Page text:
It’s a new year. Barely. We are here, poised with a hand on the title page of a new chapter in our individual and collective lives, the last one still fresh in our minds. We can picture the big developments of previous chapters and turn our imagination toward where the plot could take us looking ahead. In novels, we hardly pause, eager to read on. In life, we do pause. Looking back gives a chance to see the past year in perspective – to highlight the good things, to make meaning of the hard times we endured, to remember conversations and faces. The forward view might already have an outline, but it still needs to be written – there’s a sense of possibility and foreboding, potential and fear as we peer into the future.
Those dynamics make an inviting novel, but they give January a sense of gravitas not associated with the other months of the calendar. What will this new year bring? What changes and challenges and disappointments and opportunities await us? It’s pointless, I suppose, but still kind of fun to conjecture, to play Nostradamus, and write a list of predictions – politically, or relating to the pandemic, or your favorite sports teams, or circle of friends, or personally. What will you accomplish, what changes will you make? What will your future self say about this year?
Today we are back to the gospel of Mark and meet someone who could never predict his future self. Jesus is traveling around, going back and forth between the gentile territory on the eastern shore of Lake Galilee and Jewish lands on the western shore. He has called and gathered disciples, attracted unwieldy crowds, and tries to outrun them on occasions like this. He has taught in parables, comparing the word of God to seeds sown on the soil with varying results, and the kingdom of God likened to a tiny mustard seed that, despite its small beginnings, grows to great proportions.
Jesus’ teachings are mixed with healings that give individuals a new chapter. Their lives are transformed.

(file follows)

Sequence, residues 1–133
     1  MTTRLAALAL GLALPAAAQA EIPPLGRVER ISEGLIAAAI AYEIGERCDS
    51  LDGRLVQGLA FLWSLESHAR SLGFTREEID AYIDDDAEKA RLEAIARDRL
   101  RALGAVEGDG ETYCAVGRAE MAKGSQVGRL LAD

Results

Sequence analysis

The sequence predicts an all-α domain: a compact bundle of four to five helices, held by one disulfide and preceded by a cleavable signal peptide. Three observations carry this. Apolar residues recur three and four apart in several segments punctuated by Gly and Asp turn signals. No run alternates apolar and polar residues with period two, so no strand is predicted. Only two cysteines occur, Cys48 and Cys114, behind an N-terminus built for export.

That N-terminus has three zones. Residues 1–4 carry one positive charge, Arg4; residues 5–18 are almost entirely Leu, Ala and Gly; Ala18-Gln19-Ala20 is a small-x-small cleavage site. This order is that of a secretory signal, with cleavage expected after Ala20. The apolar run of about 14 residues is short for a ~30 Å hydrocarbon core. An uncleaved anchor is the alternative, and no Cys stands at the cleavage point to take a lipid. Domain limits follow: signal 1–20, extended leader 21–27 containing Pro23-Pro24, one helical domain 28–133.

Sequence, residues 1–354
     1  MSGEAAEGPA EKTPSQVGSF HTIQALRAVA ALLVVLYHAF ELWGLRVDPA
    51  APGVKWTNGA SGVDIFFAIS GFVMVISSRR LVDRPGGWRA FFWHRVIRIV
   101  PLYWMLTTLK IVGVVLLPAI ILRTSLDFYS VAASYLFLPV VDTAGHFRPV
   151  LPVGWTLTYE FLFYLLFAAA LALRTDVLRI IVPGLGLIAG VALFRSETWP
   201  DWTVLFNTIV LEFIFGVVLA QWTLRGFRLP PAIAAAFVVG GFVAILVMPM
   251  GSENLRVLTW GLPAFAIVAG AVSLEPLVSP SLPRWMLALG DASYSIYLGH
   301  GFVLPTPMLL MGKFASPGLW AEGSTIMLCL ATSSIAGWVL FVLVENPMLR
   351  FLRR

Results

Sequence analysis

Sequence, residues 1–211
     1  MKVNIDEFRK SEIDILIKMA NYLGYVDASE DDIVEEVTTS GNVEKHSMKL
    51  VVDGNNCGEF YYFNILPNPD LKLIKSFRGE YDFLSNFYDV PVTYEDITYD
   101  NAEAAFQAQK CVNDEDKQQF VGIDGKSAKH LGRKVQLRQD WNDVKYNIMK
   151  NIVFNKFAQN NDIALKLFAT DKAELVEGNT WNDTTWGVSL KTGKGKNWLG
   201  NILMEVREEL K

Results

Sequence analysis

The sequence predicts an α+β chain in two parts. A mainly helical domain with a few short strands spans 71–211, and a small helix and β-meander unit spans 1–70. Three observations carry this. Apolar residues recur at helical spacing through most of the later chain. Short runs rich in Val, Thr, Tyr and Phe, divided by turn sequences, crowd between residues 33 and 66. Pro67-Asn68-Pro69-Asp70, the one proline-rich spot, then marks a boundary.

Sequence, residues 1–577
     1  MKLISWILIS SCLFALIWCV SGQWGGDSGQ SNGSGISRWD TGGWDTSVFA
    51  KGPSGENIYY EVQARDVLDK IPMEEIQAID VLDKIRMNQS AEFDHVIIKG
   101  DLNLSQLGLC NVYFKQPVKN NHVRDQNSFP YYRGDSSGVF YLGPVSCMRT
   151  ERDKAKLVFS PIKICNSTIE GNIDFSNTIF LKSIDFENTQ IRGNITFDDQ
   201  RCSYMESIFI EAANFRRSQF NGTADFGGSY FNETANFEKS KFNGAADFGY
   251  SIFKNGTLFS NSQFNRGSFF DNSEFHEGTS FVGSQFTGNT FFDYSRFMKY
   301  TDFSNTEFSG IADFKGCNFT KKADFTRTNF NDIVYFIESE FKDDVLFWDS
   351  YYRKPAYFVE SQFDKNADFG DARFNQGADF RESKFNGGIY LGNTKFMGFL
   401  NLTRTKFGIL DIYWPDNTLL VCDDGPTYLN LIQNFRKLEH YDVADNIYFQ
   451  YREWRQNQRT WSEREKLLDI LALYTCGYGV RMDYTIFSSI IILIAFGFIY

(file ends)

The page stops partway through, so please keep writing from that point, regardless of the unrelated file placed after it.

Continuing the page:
A reading from Mark, the 5th chapter: (5:1-20)
As darkness began to gather they came to the other side of the sea, to the country of the Gerasenes. And when Jesus had stepped out of the boat, immediately a man appeared out of the tombs with an unclean spirit and met him. The man lived among the tombs; and no one could restrain him any more, even with a chain; for he had often been restrained with shackles and chains, but the chains he wrenched apart, and the shackles he broke into pieces; and no one had the strength to subdue him. Night and day among the tombs and on the mountains he was always howling and bruising himself with stones.
When he saw Jesus from a distance, the man ran and bowed down before him; and he shouted at the top of his voice,
“What have you to do with me, Jesus, Son of the Most High God? I adjure you by God, do not torment me.”
For Jesus had said to him, “Come out of the man, you unclean spirit!”
Then Jesus asked him, “What is your name?”
He replied, “My name is Legion; for we are many.” The unclean spirit begged him earnestly not to send them out of the country.
On the hillside a great herd of swine was feeding; and the unclean spirits begged him, “Send us into the swine; let us enter them.”
So Jesus gave them permission. And the unclean spirits came out and entered the swine; and the herd, numbering about two thousand, rushed down the steep bank into the sea, and were drowned in the sea.
The swineherds ran off and told this in the city and in the country and people came to see what had happened. They came to Jesus and saw the demoniac sitting there, clothed and in his right mind, the very man who had had the legion; and they were afraid. Those who had seen what had happened to the demoniac and to the swine reported it. Then they began to beg Jesus to leave their neighborhood.
As Jesus was getting into the boat, the man who had been possessed by demons begged him that he might go with him. But Jesus refused, and said to him, “Go home to your friends, and tell them how much the Lord has done for you, and what mercy he has shown you.”
And the man went away and began to proclaim in the Decapolis how much Jesus had done for him; and everyone was amazed.
As the boat beaches on the other side of the sea – the non-Jewish, Gentile side of Lake Galilee – a menacing, horrible figure lurches into center stage. He’s possessed, he howls, he dashes himself with stones. His strength is raw and brutal – no one can bind or control him. Yet from his first encounter with Jesus, there is no question about which of them is in control. The demons within the man recognize a greater spiritual force – the light that shines in the darkness that the darkness cannot overcome – to quote from the gospel of John. The demons within drive the man to cower at Jesus’ feet and beg to be left alone. “What is your name?” Jesus demands. “Legion,” replies the demon, “for we are many.”
Indeed. A legion was a regiment of 6000 Roman soldiers. What a fantastic name for the forces of evil in a story told to people within Roman occupied territory. “What is your name?” Auschwitz, Afghanistan – the name is enough for those who know. Evil has been conjured. Danger, Oppression, Hunger, Addiction, Domestic Abuse, Violence – “for we are many.”